3D printing may change the future of medicine. Even today the technology makes it possible to manufacture prostheses, and in the future it will enable us to print artificial skin or entire organs.

3D printing can bring about a revolution in surgery as well. It’s not just about 3D printing entire organs, spare parts for the human body. This is the future, this is a solution closer to science-fiction rather than the real world. But before it becomes available, 3D printing will enter the world of surgery thanks to a different invention: the 3D pen.

The Future of Surgery

In the simplest terms, it’s a 3D printer in the form of a pen. Its method of operation isn’t much different from the traditional 3D printer. The pen needs to be provided with the filament, or the building material, which is then melted inside the pen, flows out of it and solidifies. The only difference between the pen and the 3D printer is that the pen has to be operated manually, without the print head moved according to algorithms. But with skillful operation you can create very interesting shapes.

This is why these pens will be used by surgeons in the near future. These pens, however, will not use the plastic filament like toys do. They will utilize a biomaterial composed of stem cells. As a result, it will be possible to fill gaps in organs. Simply speaking: to patch them up. And what’s most important is that it will be done in a variety of ways, selected by the surgeon and his or her nimble hands.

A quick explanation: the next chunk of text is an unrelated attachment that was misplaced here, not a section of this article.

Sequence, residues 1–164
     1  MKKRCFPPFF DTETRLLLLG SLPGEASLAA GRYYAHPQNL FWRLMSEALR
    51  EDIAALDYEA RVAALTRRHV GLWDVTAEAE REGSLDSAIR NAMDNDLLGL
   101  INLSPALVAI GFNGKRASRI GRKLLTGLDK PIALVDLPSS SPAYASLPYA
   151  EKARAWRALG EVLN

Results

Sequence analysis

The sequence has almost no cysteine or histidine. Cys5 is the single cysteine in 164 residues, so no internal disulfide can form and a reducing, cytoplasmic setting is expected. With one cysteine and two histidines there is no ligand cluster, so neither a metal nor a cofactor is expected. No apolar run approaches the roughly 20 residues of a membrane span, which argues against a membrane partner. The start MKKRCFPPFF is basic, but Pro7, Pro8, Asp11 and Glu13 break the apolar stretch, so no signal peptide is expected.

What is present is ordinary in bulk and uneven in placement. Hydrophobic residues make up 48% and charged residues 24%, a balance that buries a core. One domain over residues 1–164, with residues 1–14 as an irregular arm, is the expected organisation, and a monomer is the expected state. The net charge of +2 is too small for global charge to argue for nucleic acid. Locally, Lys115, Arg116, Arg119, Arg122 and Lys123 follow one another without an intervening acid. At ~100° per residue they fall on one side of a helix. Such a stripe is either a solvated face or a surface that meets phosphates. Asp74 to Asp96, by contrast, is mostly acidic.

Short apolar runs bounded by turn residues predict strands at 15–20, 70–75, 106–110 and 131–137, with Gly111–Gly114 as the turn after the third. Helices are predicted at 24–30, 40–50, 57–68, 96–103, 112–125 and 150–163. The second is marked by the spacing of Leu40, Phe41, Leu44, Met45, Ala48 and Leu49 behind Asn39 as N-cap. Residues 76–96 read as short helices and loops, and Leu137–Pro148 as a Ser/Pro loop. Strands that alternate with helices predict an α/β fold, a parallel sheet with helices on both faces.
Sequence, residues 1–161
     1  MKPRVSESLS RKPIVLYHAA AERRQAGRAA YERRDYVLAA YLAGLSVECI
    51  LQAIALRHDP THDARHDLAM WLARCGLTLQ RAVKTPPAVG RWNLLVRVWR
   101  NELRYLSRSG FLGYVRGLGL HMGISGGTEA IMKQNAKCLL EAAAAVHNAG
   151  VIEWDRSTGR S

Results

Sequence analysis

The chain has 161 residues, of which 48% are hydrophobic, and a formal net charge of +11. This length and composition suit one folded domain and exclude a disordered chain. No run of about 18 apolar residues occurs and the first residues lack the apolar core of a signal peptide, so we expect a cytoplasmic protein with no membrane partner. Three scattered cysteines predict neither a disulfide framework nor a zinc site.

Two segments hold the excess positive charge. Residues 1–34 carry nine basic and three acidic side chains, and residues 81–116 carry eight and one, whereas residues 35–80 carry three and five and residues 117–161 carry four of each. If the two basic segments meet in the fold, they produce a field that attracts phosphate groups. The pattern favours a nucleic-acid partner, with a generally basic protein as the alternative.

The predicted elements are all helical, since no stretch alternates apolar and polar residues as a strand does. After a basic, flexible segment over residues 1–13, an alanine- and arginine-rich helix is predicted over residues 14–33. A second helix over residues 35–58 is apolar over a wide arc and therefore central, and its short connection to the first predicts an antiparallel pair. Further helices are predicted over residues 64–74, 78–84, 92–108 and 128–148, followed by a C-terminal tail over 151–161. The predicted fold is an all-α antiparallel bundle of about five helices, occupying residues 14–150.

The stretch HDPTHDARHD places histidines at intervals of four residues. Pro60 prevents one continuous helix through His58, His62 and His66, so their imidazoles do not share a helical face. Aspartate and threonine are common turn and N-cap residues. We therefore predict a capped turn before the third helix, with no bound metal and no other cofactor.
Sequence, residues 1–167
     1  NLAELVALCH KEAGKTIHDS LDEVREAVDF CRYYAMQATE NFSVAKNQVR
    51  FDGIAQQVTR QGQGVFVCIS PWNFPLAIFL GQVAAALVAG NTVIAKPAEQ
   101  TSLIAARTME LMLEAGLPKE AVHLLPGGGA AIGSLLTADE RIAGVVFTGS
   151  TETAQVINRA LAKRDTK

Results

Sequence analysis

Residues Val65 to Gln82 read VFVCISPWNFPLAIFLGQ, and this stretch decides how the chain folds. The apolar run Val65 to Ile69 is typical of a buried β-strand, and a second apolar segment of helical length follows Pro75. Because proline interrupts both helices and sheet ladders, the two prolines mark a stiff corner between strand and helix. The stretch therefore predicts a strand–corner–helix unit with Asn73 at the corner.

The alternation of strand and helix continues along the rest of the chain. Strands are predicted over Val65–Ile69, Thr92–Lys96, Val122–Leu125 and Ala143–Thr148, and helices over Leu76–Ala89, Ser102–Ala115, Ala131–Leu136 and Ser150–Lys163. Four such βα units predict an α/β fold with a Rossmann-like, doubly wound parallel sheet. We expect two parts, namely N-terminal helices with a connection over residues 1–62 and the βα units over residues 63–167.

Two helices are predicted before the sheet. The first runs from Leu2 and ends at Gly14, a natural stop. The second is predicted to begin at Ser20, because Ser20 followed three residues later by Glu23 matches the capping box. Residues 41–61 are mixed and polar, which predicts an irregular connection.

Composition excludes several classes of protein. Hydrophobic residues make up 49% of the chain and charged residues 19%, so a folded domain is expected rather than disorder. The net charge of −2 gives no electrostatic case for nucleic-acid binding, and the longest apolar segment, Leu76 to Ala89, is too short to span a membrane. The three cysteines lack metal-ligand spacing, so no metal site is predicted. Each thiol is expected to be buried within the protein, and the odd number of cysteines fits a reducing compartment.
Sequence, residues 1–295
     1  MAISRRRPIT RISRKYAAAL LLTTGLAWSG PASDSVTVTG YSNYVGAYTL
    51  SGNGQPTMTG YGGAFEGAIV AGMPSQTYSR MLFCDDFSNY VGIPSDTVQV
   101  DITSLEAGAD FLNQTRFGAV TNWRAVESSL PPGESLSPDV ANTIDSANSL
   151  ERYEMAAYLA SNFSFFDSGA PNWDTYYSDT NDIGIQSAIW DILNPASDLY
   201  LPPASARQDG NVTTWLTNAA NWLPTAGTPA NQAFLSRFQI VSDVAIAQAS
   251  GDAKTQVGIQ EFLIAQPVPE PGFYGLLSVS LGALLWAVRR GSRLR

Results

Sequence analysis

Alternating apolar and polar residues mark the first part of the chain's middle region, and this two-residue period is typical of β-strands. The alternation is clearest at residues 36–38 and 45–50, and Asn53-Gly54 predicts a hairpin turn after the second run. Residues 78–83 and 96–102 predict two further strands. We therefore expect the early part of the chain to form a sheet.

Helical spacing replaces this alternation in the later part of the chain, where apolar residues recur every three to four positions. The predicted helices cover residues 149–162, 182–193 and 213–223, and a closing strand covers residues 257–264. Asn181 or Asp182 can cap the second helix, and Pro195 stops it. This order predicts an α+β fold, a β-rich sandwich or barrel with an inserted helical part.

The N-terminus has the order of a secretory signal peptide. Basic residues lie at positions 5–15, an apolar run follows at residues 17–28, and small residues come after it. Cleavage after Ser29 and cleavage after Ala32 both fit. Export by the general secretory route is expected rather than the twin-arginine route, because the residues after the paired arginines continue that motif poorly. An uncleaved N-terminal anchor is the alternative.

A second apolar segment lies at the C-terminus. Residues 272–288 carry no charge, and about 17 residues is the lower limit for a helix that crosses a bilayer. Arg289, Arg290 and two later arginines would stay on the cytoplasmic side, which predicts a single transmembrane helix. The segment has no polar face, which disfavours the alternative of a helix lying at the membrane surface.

Interestingly, such solutions already exist. One of them is called BioPen. It was developed by the University of Wollongong, Australia. The pen utilizes two different filaments. The first is composed of human cells with which gaps in damaged bones. After the gap is filled it needs to be covered with a gel. The structure then needs to be treated with UV light to make it harden.

ZORTRAX 3D printed heart

3D printed heart

Repairing the Body

This technology is regarded as highly innovative and able to change the way patients are treated. It’s possible that in the future we will not limit ourselves to supporting the body’s regenerating capabilities. We will conduct rapid repairs so as to remove all glitches as soon as possible and more efficiently than the body could. This might seem like objectification of human beings. After all, a human being is not a mechanism, the body should not be repaired as if it were a washing machine or car. The human being should not have spare parts.

However, that is not the case: the human body is a mechanism, though it operates according to different rules than machines we create. That is why we should be happy about solutions such as the 3D pen and hand-held 3D printers. They will let us overcome a large proportion of our natural weaknesses. Today the technology is only used to fill gaps in bones, but the medical profession is confident that in the future it will also be possible to fix muscles and organs.

This means that in 10+ years we will be visiting the doctor like we visit an automobile repair shop –but it’s our bodies that will be repaired; the surgeon will be the mechanic and the tool used for the procedure will be the 3D pen.